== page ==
Photo courtesy of Surrey County Council News
It’s not as straightforward as you would think
It is understandable that creditors want to get paid. They’ll suggest all avenues possible within the course of business and law, including suing directors personally, to reclaim funds owed.
Creditors often ask us three questions in their quest for payment:
1) Why haven’t you sued the director?
2) Why is this person allowed to get away with this?
3) Why is this individual not bankrupt?
Is it worth it to sue the director?
As liquidators, we are obliged to investigate the reasons for the failure of the company. However, before incurring costs in taking legal action we must consider the following:
1) How strong is our case? Do we have all the evidence we need? What further evidence would we need?
2) Do we have money to pay for the case? If not, will creditors fund the case?
3) Does the proposed defendant have the means to pay the claim (in full or part)?
Litigation can be an expensive exercise. As liquidators, we are appointed to act prudently and not spend good money after bad.
However, we will take legal action where some or all of these conditions are met:
- There is a strong case,
- We have the funding to do so, and
- The proposed defendant has the ability to pay
- A common difficulty is a director’s inability to pay.
- Directors have often invested everything they own into the failed business, and no longer have the means to make payment.
- Other directors have protected their assets through legitimate trusts which would not be available to cover debts even if they were bankrupted.
- Other directors may be renting everything they have. Just because a director lives in an expensive house doesn’t mean he or she owns it.
Our role is sometimes misinterpreted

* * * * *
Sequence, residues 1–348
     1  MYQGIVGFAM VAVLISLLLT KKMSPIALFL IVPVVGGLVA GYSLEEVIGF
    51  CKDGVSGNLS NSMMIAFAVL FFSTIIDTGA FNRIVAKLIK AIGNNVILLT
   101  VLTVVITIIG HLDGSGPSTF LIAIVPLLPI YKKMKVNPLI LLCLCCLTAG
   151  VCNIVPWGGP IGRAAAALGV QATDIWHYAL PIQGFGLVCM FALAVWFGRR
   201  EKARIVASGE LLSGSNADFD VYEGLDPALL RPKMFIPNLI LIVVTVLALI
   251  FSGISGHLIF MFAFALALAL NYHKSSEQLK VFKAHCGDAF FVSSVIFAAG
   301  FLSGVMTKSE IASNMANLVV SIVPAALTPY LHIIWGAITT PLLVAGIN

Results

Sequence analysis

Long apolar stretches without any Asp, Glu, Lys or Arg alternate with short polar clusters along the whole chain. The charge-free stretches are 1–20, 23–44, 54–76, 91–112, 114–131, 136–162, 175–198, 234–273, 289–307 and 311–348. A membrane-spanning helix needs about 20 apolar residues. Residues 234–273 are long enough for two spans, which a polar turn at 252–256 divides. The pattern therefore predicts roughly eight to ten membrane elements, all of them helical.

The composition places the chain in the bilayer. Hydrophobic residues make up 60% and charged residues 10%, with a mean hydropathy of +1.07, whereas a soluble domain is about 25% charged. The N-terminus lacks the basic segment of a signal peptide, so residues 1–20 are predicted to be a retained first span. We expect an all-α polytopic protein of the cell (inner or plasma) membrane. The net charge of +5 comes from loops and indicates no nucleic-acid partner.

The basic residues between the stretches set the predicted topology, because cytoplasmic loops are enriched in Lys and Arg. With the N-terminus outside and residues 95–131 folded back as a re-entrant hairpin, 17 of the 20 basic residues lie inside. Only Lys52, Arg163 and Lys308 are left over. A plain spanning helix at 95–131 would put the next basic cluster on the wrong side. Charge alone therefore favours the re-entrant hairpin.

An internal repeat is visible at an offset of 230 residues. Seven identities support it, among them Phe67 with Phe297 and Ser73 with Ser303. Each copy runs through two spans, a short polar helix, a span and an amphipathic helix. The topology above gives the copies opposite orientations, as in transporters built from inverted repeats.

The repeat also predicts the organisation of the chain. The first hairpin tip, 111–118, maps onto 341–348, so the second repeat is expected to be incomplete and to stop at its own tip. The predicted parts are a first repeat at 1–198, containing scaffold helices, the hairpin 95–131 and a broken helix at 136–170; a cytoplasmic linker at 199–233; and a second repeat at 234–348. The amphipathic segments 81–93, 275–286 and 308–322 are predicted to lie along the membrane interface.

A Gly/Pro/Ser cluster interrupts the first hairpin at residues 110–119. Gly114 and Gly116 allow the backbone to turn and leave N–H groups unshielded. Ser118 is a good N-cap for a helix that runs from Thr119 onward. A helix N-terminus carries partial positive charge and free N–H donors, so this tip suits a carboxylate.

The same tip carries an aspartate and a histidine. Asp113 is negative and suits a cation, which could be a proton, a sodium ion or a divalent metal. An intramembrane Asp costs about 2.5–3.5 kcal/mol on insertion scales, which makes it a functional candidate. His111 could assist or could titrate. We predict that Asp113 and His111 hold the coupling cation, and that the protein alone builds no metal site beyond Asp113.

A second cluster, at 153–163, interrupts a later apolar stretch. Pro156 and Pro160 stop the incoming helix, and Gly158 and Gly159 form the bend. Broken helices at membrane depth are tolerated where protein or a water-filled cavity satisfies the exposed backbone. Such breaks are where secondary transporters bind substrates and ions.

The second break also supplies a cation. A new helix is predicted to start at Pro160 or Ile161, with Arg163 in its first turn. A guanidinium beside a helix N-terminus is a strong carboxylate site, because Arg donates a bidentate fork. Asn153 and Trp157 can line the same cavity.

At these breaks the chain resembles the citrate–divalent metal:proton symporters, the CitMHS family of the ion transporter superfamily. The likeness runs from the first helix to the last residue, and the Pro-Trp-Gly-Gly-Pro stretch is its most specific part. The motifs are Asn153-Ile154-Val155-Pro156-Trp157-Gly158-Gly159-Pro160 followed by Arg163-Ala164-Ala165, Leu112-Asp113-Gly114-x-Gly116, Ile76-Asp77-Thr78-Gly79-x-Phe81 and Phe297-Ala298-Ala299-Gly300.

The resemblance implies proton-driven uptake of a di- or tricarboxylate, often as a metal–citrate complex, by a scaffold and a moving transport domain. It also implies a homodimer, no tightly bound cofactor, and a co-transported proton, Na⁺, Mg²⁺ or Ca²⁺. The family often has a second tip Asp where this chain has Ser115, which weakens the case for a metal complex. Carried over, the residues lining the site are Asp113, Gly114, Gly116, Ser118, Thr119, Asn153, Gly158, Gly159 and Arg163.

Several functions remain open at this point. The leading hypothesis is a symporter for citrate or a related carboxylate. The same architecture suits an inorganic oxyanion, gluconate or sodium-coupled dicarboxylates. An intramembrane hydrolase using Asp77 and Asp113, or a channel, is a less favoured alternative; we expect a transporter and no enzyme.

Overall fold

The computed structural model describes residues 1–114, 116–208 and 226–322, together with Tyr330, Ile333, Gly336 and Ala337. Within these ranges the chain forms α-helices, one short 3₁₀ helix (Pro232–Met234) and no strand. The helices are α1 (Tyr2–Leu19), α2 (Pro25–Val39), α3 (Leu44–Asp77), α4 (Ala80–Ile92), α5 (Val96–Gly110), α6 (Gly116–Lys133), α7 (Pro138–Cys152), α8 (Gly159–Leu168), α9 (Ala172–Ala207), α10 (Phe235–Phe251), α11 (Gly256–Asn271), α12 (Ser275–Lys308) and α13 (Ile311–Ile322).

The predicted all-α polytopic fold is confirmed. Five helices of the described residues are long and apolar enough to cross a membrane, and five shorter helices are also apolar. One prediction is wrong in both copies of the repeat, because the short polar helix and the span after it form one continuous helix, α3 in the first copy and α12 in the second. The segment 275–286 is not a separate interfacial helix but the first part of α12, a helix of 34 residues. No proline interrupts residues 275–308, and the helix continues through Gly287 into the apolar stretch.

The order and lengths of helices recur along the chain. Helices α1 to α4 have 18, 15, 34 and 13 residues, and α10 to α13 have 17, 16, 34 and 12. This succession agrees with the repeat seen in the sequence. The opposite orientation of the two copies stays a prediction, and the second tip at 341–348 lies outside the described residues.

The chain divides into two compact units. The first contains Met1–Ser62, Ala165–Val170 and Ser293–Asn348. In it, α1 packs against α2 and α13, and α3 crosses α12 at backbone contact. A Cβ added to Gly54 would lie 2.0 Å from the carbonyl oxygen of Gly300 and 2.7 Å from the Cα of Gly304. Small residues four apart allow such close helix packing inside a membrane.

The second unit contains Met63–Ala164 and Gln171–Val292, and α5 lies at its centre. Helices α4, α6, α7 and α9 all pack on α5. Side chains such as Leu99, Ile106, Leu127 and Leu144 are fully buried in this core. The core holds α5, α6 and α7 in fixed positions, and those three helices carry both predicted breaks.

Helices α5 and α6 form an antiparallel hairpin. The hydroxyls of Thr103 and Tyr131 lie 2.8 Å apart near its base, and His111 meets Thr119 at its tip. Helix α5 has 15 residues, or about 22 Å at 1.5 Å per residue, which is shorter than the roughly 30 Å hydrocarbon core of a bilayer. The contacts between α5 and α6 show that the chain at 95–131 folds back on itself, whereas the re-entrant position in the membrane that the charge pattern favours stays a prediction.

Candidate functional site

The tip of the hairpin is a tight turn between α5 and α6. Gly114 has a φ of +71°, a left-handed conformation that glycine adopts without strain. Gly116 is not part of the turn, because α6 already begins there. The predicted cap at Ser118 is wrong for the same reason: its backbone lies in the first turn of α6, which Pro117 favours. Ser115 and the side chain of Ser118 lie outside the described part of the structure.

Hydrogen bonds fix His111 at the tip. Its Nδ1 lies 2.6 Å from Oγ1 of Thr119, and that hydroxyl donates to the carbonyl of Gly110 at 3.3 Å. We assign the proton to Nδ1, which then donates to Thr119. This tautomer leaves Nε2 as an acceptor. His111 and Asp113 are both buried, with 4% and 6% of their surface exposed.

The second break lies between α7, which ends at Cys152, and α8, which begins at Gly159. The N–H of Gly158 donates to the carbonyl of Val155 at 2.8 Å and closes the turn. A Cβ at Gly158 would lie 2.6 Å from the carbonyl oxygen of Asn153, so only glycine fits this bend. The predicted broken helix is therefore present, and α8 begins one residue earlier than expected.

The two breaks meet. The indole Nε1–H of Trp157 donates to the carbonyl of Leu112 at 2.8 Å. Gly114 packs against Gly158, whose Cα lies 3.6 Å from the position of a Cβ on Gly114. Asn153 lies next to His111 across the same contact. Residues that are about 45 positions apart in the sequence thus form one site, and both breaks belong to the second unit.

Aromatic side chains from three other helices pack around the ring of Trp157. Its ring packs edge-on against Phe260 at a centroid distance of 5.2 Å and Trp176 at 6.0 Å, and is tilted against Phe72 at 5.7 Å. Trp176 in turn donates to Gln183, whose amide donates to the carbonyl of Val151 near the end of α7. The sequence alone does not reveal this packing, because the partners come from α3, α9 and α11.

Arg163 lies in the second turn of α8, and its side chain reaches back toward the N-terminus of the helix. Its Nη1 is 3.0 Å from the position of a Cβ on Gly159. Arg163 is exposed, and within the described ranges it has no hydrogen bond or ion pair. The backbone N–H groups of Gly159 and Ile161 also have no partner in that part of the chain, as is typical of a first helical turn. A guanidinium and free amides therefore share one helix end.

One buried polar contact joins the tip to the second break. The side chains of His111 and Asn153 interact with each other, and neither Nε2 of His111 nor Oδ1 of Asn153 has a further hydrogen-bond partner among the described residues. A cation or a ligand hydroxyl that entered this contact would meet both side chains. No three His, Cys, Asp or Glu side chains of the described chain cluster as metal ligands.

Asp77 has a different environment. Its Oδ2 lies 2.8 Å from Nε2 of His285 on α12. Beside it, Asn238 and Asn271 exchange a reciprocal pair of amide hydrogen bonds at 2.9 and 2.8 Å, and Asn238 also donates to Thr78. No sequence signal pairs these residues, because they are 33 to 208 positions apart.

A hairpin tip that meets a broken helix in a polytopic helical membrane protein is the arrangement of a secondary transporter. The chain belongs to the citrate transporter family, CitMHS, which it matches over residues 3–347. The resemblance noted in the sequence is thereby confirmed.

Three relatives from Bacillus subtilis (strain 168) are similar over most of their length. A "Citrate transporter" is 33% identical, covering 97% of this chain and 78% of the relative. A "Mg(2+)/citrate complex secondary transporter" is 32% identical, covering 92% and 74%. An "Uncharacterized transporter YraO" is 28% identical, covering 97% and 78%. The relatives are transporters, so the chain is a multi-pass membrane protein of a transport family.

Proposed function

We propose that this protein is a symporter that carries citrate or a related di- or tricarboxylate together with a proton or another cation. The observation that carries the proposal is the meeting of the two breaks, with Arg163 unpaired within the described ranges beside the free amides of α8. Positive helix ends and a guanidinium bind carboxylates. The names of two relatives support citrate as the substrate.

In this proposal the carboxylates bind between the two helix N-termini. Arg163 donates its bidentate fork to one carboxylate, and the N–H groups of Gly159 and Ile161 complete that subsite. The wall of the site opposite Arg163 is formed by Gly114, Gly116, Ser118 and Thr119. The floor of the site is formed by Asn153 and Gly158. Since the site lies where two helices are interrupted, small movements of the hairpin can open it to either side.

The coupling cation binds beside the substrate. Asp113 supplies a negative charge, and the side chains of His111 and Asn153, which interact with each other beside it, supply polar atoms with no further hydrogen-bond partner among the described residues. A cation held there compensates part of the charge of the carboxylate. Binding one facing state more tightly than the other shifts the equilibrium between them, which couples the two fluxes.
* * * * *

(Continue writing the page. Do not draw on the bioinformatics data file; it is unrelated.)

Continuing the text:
It can be frustrating for creditors to see directors “getting away” with perceived wrongdoings; however, a liquidator’s role is not to punish. Rather, liquidators maximise returns for creditors.
There is also a misunderstanding that, simply because the company cannot pay its debts, the director must be “trading while insolvent” and, therefore, held accountable for the debts of the company.
Companies fail all the time and, in most cases, not through the fault of the directors. “Trading while insolvent” is not illegal. If a director realises the company is, or is likely to become, insolvent, they must take appropriate steps to ensure the creditor position does not worsen. The director must also look for ways to salvage the business.
If the business cannot be salvaged or sold, then the director should look to liquidate. In doing so, they are meeting their obligations as directors. If they don’t take such action, the director may be deemed to have “traded recklessly” which is an offence. Yet, even if they have committed this offence, that doesn’t mean a liquidator should take legal action if there will clearly be no benefit to creditors in doing so.
Sometimes, if creditors wish (and are prepared to pay for it), a liquidator may sue to bankrupt the director of a company with the hope that a family member puts some money in and a settlement proposal put forward. Yet, prudent creditors are typically unwilling to put good money after bad.
Always seek sound advice
Gerry Rea Partners takes pride in operating independently and offering sound advice to our clients. You can always count on us to deliver a fair perspective and take action to prevent further losses.
If you in a situation where suing a director seems like the next logical step, please contact Simon Dalton at email@example.com.